Financial Daily from THE HINDU group of publications
Saturday, Sep 07, 2002
Government - Politics
`We are not in this struggle for the pleasure of Pak' Mr Abdul Gani Bhat, Chairman of the Hurriyat Conference
recently in Srinagar
If a serious attempt is made by India and Pakistan to solve the Kashmir dispute, it could be done through dialogue and even without plebiscite, says Mr Abdul Gani Bhat, Chairman of the Hurriyat Conference, in an interview given to Business Line before he was placed under house arrest on Friday.
Excerpts from the interview:
Recently, there was a crisis in the Hurriyat over some rebels contesting the elections. How was it resolved?
We are a political conglomerate symbolising the political unity of the people of Jammu and Kashmir and their sentiments. In any crisis, we are guided by the realities on the ground, sombre and stark, and not emotions or prejudices.
We have to consider the sacrifices made in our efforts to get a peaceful settlement on the J&K dispute, to move towards a better world and a brighter future; with a view to help India and Pakistan to improve relations, and ensure peace, security and stability in the region.
It is not only the future of Kashmir that should cause concern to the world, but the future of the entire south Asian region, particularly with the nuclear weaponisation of India and Pakistan.
If anything goes wrong, by accident, miscalculation, mistake or even design, it will be a total disaster for this entire region.
To banish the ghost of atomic war from South Asia, we have to address the root cause of tension between India and Pakistan, which is the dispute in J&K. We are trying to consolidate the forces of good towards that.
So, to gauge the views of the people, why did you not contest the elections? The Centre has come forward with definite moves; the Kashmir Committee (KC) has been formed, and its chief, Mr Ram Jethmalani, has even lashed out at Mr L. K. Advani for refusing to meet Shabir Shah. Don't you see any sincerity in all this?
I do not know how to measure the depth of sincerity in the minds of the rulers in India, Pakistan or Kashmir. But guided by the realities on the ground... that there is absolutely no alternative available either with India, Pakistan or us, for that matter but to talk and resolve the dispute.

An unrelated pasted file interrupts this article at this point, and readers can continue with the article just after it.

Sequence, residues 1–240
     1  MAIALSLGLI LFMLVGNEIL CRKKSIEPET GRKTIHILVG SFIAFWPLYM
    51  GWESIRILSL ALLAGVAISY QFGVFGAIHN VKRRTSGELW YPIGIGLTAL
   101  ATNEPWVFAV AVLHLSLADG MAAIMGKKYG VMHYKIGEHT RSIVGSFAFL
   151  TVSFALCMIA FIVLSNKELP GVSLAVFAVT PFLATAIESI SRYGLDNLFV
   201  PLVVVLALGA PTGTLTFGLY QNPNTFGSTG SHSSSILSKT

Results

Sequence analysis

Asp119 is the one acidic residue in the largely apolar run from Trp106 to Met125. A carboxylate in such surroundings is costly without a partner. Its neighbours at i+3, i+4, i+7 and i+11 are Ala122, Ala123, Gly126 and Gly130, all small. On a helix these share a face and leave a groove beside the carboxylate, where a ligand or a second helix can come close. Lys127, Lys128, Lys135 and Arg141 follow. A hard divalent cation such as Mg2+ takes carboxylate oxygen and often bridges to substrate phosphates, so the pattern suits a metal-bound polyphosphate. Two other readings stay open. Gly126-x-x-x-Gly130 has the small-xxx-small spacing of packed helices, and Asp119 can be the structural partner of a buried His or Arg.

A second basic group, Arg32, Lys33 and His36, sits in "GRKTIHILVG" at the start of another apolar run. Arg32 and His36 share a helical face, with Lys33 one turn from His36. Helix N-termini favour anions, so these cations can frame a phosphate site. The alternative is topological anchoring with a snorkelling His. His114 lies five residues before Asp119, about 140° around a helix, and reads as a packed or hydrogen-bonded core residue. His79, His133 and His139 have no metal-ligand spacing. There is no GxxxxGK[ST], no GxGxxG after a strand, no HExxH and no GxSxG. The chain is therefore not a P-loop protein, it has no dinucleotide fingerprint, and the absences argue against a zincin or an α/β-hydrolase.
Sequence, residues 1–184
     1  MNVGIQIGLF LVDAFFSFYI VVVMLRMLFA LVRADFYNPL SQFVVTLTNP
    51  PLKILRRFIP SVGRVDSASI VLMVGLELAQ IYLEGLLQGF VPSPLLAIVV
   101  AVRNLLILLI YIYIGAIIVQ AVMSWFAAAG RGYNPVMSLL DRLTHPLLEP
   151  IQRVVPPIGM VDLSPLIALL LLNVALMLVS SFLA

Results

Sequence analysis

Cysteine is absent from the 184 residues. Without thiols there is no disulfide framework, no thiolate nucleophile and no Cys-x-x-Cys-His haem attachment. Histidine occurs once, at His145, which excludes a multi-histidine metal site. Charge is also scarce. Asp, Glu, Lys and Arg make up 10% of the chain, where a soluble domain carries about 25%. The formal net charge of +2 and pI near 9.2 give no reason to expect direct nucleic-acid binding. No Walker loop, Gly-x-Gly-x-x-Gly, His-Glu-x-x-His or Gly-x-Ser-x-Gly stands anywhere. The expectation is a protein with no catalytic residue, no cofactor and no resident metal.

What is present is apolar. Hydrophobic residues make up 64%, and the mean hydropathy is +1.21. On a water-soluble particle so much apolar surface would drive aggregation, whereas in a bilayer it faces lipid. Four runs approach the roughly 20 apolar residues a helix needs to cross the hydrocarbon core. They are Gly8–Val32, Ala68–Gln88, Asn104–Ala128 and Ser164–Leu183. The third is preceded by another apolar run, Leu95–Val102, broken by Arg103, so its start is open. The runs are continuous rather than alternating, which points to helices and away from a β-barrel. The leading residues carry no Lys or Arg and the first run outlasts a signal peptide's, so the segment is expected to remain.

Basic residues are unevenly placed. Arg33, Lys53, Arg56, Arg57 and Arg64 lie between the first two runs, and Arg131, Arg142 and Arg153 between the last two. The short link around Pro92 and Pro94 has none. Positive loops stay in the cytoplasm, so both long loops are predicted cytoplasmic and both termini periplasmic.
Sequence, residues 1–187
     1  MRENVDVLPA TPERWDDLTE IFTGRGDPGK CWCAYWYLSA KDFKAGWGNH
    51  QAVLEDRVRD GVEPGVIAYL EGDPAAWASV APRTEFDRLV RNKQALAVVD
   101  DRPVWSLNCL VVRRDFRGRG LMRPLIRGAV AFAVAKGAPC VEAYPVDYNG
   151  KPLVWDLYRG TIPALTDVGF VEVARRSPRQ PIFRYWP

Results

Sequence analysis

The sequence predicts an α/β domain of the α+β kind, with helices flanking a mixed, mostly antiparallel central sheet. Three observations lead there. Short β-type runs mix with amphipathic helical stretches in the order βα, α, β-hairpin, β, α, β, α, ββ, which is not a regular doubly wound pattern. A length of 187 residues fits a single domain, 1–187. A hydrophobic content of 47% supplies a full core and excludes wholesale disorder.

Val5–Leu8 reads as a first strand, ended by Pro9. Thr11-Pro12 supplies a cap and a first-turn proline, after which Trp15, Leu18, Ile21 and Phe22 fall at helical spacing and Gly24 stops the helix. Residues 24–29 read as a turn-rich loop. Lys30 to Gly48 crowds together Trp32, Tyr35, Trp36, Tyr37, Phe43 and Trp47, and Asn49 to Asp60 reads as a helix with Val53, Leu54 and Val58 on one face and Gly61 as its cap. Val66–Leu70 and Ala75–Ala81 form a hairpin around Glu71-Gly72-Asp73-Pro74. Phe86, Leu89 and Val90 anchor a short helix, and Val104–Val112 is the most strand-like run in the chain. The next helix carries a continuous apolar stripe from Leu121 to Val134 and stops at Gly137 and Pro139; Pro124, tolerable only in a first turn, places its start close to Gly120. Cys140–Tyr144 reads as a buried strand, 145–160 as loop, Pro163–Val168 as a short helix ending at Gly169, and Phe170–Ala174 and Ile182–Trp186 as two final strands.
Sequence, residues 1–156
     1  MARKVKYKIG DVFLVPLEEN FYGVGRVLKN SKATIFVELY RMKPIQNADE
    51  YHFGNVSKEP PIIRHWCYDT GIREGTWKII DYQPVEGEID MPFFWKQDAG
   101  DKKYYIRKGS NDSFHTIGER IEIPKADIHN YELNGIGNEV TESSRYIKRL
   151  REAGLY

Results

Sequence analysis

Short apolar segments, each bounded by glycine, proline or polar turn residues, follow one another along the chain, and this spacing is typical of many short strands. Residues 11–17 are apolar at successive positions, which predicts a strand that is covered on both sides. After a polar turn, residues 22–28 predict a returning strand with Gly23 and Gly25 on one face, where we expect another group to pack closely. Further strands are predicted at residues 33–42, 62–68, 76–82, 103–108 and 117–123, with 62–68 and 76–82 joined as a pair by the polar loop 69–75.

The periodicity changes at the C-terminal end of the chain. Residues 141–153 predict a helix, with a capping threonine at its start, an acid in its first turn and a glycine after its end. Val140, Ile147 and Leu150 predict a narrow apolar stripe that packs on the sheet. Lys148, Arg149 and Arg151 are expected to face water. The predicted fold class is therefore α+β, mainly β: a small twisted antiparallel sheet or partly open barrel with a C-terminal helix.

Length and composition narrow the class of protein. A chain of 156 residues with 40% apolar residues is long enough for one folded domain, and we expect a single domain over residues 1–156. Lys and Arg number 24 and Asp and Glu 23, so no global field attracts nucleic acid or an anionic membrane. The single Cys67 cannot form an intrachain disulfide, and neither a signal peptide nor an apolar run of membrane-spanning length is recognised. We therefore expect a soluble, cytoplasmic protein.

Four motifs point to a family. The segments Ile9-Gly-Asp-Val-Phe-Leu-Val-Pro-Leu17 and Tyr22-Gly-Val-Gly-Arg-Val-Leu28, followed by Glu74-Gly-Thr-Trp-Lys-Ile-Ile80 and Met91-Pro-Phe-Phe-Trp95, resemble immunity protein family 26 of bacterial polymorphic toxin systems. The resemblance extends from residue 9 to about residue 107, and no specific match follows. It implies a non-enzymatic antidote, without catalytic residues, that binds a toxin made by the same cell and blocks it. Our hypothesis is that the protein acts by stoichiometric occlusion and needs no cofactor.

And, for this, we will have to move beyond blistering sub-continental posturing, beyond belligerent hostility and the beaten track, beyond bias, prejudice and intransigence. We must move forward imaginatively with an open mind.
But Mr Vajpayee had said just this in his musings and elsewhere where he talked of innovative measures and the credo of insaniyat... But we got a Kargil and more cross-border terrorism from Pakistan in reply.
Well, if we are guided by yesterday, we cannot capture today, and much less produce a brighter and better future.
But the Government has been saying that we'll talk to Pakistan, but as a beginning why don't you talk to the Central government first?
We made it explicitly clear that if the Indians want us to talk to them first, we are prepared to do so, provided Pakistan is taken into confidence, and we will have to talk to Pakistan as well.
And this assurance has not been given to you?
No. When it comes, it will be a good beginning.
What about the KC? Does it give you some hope? Mr Jethmalani is not scared to speak his mind.
It is a good beginning but I cannot call it a very positive or healthy development. But when you begin you have to grapple with problems, like he faces in New Delhi.
For example, the Prime Minister and the Deputy Prime Minister told him they are prepared to meet the Kashmir leaders. Shabir Shah accepted the invitation and went to Delhi, but was refused audience with both. We knew what would happen.
You foresaw it?
Absolutely, we were certain.
Why are you so pessimistic?
I'm not a pessimist on the resolution of the J&K problem, but am one when it comes to dialogue between India and Pakistan, or India and Kashmir, or among all three. Because Indians don't seem to demonstrate a deeper sense of responsibility or a higher degree of understanding.
If you are to resolve a highly sensitive issue such as Kashmir, over which India and Pakistan have fought several wars, you have to proceed with imagination, openness and conviction.
You are placing so much trust in Pakistan, but after September 11, the way it has cosied up to the US, don't you fear that Pakistan may ditch you like it ditched the Taliban? How can you trust Pakistan?
We are not engaged in the freedom struggle for the pleasure of Pakistan or the displeasure of India.
We are engaged in this struggle on a principle and for a cause. And when you fight on these factors, it does not matter who says or does what...
So, what do you see as the solution? Do you still want a plebiscite?